“I am a woman and a lesbian, a minority of minorities,” Madeline Davis told the 1972 Democratic National Convention in Miami Beach. “Now we are coming out of our closets and onto the convention floor.”
That speech was heard by few outside the Miami Beach Convention Center, delivered just after 5 a.m. on July 12, and the party platform plank that she and other gay and lesbian delegates were supporting — a proposal to enact anti-discrimination statutes to protect gay and lesbian Americans — did not pass.
But it was still a watershed day for lesbian and gay rights. In taking the dais, Davis, who died April 28 at age 80, stood as the first openly lesbian delegate to a national political convention in the United States. Along with Jim Foster, a gay delegate from San Francisco, she spoke to an increasingly progressive-leaning party that would nominate George McGovern, the liberal senator from South Dakota, for president.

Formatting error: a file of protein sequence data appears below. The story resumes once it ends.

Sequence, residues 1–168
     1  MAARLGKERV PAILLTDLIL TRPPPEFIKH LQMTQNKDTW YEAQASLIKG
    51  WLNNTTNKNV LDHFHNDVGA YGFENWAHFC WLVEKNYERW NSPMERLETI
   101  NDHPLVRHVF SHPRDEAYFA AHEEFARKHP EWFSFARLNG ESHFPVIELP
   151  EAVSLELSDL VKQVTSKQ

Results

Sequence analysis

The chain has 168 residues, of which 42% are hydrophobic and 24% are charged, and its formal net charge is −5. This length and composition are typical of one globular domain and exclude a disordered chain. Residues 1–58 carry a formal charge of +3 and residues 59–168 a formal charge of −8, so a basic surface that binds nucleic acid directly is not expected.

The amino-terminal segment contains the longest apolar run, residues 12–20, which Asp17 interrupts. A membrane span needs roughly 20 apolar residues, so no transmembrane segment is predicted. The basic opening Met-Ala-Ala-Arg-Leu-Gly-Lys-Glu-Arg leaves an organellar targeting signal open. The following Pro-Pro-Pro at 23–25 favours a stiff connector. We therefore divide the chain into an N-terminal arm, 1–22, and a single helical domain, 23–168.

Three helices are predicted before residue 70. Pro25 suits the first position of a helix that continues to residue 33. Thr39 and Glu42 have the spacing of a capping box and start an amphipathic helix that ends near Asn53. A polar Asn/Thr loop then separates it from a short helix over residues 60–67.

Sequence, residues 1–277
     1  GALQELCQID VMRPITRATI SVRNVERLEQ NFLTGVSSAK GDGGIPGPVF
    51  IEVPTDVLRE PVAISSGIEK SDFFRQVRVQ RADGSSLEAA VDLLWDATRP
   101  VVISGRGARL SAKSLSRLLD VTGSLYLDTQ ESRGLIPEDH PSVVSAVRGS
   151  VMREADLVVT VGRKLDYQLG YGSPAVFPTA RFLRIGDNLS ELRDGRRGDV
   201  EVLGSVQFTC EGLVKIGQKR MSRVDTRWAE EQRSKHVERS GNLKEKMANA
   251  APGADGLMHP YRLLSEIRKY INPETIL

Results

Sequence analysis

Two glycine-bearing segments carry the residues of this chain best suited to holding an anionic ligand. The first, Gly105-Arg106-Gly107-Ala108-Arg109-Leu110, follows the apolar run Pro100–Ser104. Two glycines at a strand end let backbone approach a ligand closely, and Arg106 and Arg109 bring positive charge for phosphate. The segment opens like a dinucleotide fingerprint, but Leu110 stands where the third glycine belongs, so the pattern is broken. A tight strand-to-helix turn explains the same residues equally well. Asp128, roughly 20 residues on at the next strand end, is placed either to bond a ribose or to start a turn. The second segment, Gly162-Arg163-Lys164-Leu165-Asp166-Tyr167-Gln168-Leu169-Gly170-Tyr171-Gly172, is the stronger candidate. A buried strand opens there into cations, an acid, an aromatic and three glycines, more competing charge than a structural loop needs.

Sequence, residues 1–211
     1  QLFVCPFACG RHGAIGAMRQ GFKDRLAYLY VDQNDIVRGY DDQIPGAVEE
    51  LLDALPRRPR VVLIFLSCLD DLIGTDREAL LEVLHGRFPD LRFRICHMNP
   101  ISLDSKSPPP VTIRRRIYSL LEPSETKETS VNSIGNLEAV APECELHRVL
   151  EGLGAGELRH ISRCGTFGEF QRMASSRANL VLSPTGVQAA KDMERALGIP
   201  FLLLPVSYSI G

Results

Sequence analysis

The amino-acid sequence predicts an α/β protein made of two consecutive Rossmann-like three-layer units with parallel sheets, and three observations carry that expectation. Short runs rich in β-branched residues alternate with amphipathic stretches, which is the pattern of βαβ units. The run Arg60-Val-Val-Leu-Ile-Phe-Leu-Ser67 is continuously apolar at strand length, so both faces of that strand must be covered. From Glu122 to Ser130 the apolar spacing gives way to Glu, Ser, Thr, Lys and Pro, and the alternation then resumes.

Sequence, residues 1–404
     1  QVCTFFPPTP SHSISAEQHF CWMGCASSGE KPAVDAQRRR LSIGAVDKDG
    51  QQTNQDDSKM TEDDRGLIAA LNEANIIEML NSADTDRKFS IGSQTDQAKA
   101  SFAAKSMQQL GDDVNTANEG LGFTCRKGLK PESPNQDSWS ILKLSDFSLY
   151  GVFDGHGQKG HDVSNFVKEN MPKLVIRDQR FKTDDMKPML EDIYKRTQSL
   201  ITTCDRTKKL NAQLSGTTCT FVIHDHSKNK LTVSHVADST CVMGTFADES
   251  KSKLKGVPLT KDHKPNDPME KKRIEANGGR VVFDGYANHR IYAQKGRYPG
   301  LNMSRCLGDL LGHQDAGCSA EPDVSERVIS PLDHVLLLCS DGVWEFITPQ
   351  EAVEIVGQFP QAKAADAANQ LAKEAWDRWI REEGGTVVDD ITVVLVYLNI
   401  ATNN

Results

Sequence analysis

In 2012, after the Democratic Party had included in its platform, for the first time, language about marriage equality, Davis reflected on her pioneering efforts decades earlier in an interview with NPR. “I’ve been working in gay rights for 40 years,” she said, “so I came to this information after a long journey, and I thought, Isn’t that nice?”
She died at her home in Amherst, New York, near Buffalo, from complications of a stroke, her wife, Wendy Smiley, said.
Davis began engaging with the lesbian community in 1957, although she did not come out until the 1960s, she told The Empty Closet, a gay publication based in Rochester, New York, in 2004. She began writing and performing folk songs early, and later added gay-liberation anthems to her repertoire.
One was “Stonewall Nation,” a tribute to the 1969 uprising in New York that has been credited with sparking the gay rights movement. The song, performed in a lilting voice reminiscent of Joan Baez, includes the line “You can take your intolerance and shove it.”